Ear piercing is a common practice among individuals of all ages and is typically considered to be a very safe procedure. Done until the supervision of an ear piercing technician, infants, adults and even our family pets undergo ear piercings every day. But, when an infected ear piercing manifests, the complications associated with the piercing should not be taken lightly. In rare cases, an infected ear piercing may be associated with a life threatening staph infection.
Staph infections are the types of bacterial infections that typically require hospitalization and can, at times, be difficult to treat ‘” even leading to life threatening health issues. If you are about to undergo an ear piercing, it is important to ensure that hygienic techniques are used to minimize the risk for this type of infection in the ear that is pierced.
Symptoms of an infected ear piercing typically manifest, first, as swelling, pain, and redness around the area of the ear that was pierced. Over time, as the infection progresses, it is not uncommon to experience ear pain, loss of hearing and even develop symptoms of infection in the sinus cavity. After obtaining an ear piercing, it is important to pay attention to any pain or discomfort you may have and to seek out treatment should symptoms manifest and not easily resolve with alcohol swab. Just like the causes for retinal scarring after eye surgery, a simple ear piercing can lead to scarring and staph infections.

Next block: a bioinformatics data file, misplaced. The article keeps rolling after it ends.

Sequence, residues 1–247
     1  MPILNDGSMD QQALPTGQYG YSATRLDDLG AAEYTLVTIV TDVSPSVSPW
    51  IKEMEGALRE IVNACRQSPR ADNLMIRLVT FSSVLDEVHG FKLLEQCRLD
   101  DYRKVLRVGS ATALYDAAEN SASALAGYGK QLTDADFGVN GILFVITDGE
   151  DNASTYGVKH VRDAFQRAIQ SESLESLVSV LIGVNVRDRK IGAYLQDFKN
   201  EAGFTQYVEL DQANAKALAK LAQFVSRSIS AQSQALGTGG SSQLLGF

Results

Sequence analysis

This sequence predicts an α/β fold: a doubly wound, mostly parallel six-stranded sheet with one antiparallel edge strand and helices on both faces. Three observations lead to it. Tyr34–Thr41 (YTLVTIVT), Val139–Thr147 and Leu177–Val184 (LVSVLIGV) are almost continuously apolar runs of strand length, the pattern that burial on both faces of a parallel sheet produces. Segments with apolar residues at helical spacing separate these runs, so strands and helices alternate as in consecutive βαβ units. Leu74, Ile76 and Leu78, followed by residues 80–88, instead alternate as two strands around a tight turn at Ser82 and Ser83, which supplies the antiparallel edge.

When a staph infection develops around an infected ear piercing, the risk with this type of infection involves systemic bacterial symptoms that can lead to swelling of the heart and other organs. When not treated properly, this type of infection can be life threatening. It is for this reason that physicians will often hospitalize the patient who has the sign of any type of staph infection so as to provide IV antibiotic therapy and to also prevent spread of the infection to other individuals.
While getting the ears pierced is very safe and often does not lead to infection, the risks for infection are still there nonetheless. By using good hygiene during the piercing process, and then using alcohol swabs on the pierced area for two to three weeks, most of the risks for staph infection will dissipate over time. As the earring hole is healed, the risk for staph infection becomes obsolete and few complications will arise in the long term. Always be sure to seek out medical treatment after an infected ear piercing develops, even if very little treatment is needed.
Sources: Journal of Medical Case Reports 2011, vol. 5, pp. 336-337